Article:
Traditionally, a Fantasy, or Fantasia, is a piece the freely uses thematic material. America is a country comprised of an interesting tapestry of various cultural influences. My work freely moves through various expressions of the tune America as representations of the fluidity of movement and weaving of different cultures in North America.
Trevor Weston’s music has been called a “gently syncopated marriage of intellect and feeling.” (Detroit Free Press) Weston’s honors include the George Ladd Prix de Paris from the University of California, Berkeley, a Goddard Lieberson Fellowship from the American Academy of Arts and Letters, and residencies from the Virginia Center for the Creative Arts, the MacDowell Colony and a residency with Castle of our Skins at the Longy School of Music. Weston co-authored with Olly Wilson, chapter 5 in the Cambridge Companion to Duke Ellington, “Duke Ellington as a Cultural Icon” published by Cambridge University Press. Weston’s work, Juba for Strings won the 2019 Sonori/New Orleans Chamber Orchestra Composition Competition.
Weston’s Flying Fish, co-commissioned by Carnegie Hall for its 125 Commission Project and the American Composers Orchestra, was described as having, “…episodes of hurtling energy, the music certainly suggested wondrous aquatic feats. I was especially affected, though, by an extended slower, quizzical episode with pensive strings and plaintive chords.” (New York Times). The Boston Landmarks Orchestra commissioned Griot Legacies for choir and orchestra, a work created with four innovative arrangements of African American Spirituals. Griot Legacies demonstrates Weston’s “knack for piquant harmonies, evocative textures, and effective vocal writing.” (Boston Globe) The Grammy-nominated Choir of Trinity Church Wall Street, under the direction of Julian Wachner, recorded a CD of Trevor Weston’s choral works. The Bang on a Can All-Stars premiered Weston’s composition Dig It, commissioned by the group for the Ecstatic Music Festival in NYC.
A list of ensembles performing Trevor Weston’s compositions include Roomful of Teeth, The Boston Children’s Chorus, St. Thomas Church Fifth Avenue Choir, The Starling Chamber Orchestra, Castle of our Skins, Mallarme Chamber Players, The Providence Singers, Chicago Sinfonietta, Seraphic Fire, The Tufts Chamber Chorus, Ensemble Pi, The Amernet String Quartet, The UC Berkeley Chamber Chorus, The Washington Chorus, Trilogy: An Opera Company, and The Manhattan Choral Ensemble. In addition to his creative work, Weston completed the re-orchestration of Florence Price’s Piano Concerto for the Center for Black Music Research in 2010.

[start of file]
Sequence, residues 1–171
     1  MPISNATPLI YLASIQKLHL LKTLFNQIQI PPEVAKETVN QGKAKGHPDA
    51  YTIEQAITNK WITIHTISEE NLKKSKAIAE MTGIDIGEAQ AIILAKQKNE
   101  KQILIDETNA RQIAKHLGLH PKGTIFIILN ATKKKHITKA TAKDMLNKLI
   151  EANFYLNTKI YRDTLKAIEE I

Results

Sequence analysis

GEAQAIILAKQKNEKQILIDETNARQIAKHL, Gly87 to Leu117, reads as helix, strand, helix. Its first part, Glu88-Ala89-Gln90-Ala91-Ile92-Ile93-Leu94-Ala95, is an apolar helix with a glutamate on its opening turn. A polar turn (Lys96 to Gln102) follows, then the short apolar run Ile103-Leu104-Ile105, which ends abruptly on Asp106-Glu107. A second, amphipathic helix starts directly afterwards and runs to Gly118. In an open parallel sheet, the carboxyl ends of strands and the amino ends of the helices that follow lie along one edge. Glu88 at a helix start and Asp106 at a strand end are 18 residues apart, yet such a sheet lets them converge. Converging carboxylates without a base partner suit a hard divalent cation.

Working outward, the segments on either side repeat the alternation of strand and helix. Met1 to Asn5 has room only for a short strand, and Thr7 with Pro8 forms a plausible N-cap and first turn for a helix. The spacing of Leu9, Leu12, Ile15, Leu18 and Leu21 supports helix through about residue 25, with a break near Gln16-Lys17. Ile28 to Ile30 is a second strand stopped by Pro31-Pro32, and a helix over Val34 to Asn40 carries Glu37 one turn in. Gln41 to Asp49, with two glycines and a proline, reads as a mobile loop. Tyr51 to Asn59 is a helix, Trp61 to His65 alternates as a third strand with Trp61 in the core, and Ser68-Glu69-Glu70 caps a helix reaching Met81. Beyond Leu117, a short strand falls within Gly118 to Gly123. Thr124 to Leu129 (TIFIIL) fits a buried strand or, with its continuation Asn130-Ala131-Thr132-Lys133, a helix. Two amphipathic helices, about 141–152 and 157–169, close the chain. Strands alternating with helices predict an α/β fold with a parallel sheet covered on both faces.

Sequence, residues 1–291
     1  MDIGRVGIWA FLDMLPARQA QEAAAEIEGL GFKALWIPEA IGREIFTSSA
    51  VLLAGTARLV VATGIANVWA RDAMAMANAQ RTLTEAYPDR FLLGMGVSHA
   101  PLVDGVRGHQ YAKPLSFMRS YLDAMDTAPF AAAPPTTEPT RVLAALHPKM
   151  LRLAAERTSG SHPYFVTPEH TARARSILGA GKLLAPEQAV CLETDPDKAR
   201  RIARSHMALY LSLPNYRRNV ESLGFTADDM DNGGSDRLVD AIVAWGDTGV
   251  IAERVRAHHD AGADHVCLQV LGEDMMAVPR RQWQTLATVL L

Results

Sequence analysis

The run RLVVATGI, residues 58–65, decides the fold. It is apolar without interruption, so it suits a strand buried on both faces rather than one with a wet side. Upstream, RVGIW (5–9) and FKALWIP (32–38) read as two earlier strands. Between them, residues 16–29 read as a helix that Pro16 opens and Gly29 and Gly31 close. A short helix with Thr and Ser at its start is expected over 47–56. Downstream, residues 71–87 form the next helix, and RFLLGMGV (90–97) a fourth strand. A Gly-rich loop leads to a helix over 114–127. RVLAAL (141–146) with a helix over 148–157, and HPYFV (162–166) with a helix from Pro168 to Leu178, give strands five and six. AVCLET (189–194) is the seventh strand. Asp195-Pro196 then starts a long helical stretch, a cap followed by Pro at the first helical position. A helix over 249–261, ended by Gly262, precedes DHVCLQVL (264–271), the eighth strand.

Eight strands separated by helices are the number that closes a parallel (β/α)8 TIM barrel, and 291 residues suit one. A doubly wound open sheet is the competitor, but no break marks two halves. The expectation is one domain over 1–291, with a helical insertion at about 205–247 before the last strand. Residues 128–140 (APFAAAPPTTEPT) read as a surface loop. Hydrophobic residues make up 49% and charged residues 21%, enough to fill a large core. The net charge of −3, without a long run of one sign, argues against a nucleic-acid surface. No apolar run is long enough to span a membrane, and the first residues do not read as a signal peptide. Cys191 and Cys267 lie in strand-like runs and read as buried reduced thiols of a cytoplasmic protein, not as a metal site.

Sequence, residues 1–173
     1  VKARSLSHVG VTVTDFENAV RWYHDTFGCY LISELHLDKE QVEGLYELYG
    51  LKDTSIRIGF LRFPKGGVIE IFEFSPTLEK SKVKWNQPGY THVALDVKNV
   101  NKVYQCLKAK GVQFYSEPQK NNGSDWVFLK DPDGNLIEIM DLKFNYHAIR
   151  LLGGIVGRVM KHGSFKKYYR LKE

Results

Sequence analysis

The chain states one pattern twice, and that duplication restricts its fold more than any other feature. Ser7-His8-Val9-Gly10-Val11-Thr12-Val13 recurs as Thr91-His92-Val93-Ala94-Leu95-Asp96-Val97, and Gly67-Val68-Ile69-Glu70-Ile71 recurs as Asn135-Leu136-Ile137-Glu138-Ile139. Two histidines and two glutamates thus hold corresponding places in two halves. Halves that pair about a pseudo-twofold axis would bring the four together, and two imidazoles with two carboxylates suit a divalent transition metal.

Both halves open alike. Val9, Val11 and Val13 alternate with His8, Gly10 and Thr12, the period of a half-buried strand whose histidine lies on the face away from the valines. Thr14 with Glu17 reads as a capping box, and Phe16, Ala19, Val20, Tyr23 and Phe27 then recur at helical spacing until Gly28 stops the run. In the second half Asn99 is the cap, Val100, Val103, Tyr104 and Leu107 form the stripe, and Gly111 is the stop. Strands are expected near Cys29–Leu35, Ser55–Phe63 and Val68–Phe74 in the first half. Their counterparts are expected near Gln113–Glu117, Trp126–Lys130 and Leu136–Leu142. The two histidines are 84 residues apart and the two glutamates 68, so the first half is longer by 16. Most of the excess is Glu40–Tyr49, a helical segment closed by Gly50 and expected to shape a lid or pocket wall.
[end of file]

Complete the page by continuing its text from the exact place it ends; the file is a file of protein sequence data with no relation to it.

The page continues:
Trevor Weston’s musical education began at St. Thomas Choir school in NYC at the age of ten. He received his BA from Tufts University and continued his studies at the University of California, Berkeley where he earned his MA and PhD in music composition. His primary composition teachers were T. J. Anderson, Olly Wilson and Andrew Imbrie and Richard Felciano. Dr. Weston is currently a Professor of Music and Chair of the Music Department at Drew University in Madison, NJ.
As the artistic director of Center for Musical Excellence, I am always on the look out for new and undiscovered talents. They come to me, sometimes, by my colleagues’ recommendations and other times through young artists’ own research about our organization. Tyson Davis and Andrew Bambridge are currently on our roster of CME Young Artists, whom we mentor. Patricio Molina is a CME alumnus. Theo Chandler, Ji-Young Ko, and Daniel Newman-Lessler applied for our Grant program, and I got to know their work through that process. I decide on young artists when I notice a deep passion and drive within them, plus a certain kind of sparkle in the personality and lots of humility. In addition to musical talents, I believe these are the qualities that will take the young artists far. CME’s motto is "Moving Musicians Forward". I’ve chosen our Discovery Composers based on these qualities, whom we felt we could easily move forward.
- Min Kwon